In the last few months since Arafat left the negotiating table and started murdering Israeli civilians, I have been pondering why he keeps most foreign correspondents so sympathetic to his cause.
Today, I finally figured out the reason. We Jews just don’t show our appreciation for the fine job journalists do given this difficult and often dangerous situation in the Middle East. Most of them are far away from home, don’t speak Hebrew or Arabic, don’t really know the country’s history very well. They are lonely. Unhappy. All they can really look forward to from this assignment is that it will earn them those distinguished award citations that journalists get from covering such thankless assignments in war zones.
To my chagrin, the Hamas understood this long before we Jews did. They gave out their awards, honoring the BBC correspondent with his little bronze plaque.
But all this is about to change. There is not only a new award, but a short list and a winner. The Black Boot Award for Creative Journalism (after the great German master of media manipulation who shall go unnamed…).
To qualify, a journalist must have written a series of articles sympathetic to genocidal regimes and/or child sacrifice, and the deliberate targeting of unarmed civilians. To be considered, the articles must be completely one-sided. For example, if houses are bulldozed, a journalist cannot mention why, but simply show the terrible suffering of the now homeless, wailing women with their one pot and bag of flour. To point out the possible use of such homes as cover for mortar fire, for example, would unfortunately lead to automatic disqualification.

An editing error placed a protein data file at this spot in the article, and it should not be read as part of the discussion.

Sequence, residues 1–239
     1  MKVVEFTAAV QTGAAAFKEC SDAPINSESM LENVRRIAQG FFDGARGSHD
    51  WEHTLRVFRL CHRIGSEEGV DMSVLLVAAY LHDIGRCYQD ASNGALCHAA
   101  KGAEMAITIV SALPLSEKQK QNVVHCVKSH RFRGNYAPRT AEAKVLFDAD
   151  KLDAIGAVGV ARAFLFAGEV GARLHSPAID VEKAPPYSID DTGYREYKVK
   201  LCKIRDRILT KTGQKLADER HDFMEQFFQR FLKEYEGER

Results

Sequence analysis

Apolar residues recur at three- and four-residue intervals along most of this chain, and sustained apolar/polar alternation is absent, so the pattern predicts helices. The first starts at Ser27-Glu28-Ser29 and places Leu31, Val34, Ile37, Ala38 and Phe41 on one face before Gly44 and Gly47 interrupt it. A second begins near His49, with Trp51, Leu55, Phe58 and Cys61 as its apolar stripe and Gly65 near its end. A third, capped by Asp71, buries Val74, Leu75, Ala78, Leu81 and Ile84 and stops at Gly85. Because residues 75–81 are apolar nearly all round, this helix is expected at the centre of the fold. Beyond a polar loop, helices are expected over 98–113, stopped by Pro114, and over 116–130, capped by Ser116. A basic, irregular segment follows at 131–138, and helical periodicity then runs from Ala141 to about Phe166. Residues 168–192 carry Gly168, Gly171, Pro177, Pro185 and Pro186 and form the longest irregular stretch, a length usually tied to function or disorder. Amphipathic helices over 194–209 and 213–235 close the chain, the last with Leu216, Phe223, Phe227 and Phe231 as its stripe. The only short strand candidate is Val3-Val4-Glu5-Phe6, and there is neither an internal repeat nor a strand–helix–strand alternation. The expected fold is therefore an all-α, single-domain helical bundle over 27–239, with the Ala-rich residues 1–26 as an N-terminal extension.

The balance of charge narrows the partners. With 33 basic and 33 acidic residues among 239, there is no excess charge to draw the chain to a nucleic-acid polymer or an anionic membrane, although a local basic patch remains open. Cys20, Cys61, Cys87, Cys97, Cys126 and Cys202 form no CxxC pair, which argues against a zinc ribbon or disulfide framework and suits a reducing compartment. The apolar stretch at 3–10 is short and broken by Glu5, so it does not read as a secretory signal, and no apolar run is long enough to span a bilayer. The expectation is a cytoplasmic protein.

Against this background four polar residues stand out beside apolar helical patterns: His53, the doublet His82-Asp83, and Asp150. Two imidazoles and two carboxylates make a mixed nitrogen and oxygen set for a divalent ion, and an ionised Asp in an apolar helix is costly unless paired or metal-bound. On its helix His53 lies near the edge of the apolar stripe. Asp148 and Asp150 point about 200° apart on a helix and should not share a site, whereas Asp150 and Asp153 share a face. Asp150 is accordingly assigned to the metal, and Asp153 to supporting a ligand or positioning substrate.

Language is also of the utmost importance. The pejorative adjectives must routinely be applied to the non-genocidal regime: hard-liner, excessive force, illegal settlements. Sympathy for those calling for all out holy war must be clear-cut and not open to misunderstanding. Heartrending sympathy for the brave little suicide bombers and their lovely families, for example, would be a prerequisite, and basically mandatory in light of the spirit of what our award hopes to honor.
As you who have been reading your newspapers and watching your television sets have probably now realized, this was a very, very tough decision. There were so many qualified entries, and so many really deserving recipients. However, as with any award, there are those who are excellent, and then those that because of their absolute consistency simply blow away the competition and one can only bow one’s head in admiration for a job superbly done that cries out for recognition.
Before we announce the winner, I’d like to say who made the short- list.
Mike Hanna, of CNN, my personal favorite for a long time, to my regret (sorry Mike) just didn’t make the grade. It’s a shame. I remember with nostalgia that memorable CNN quote regarding the suicide bomber in the Netanya mall : “Israel says its bombing of Palestinian targets has been in response to what it calls terrorist attacks.” A suicide bomber in a mall, after all, could be called a dissatisfied shopper too. Takes Mike to think of that one.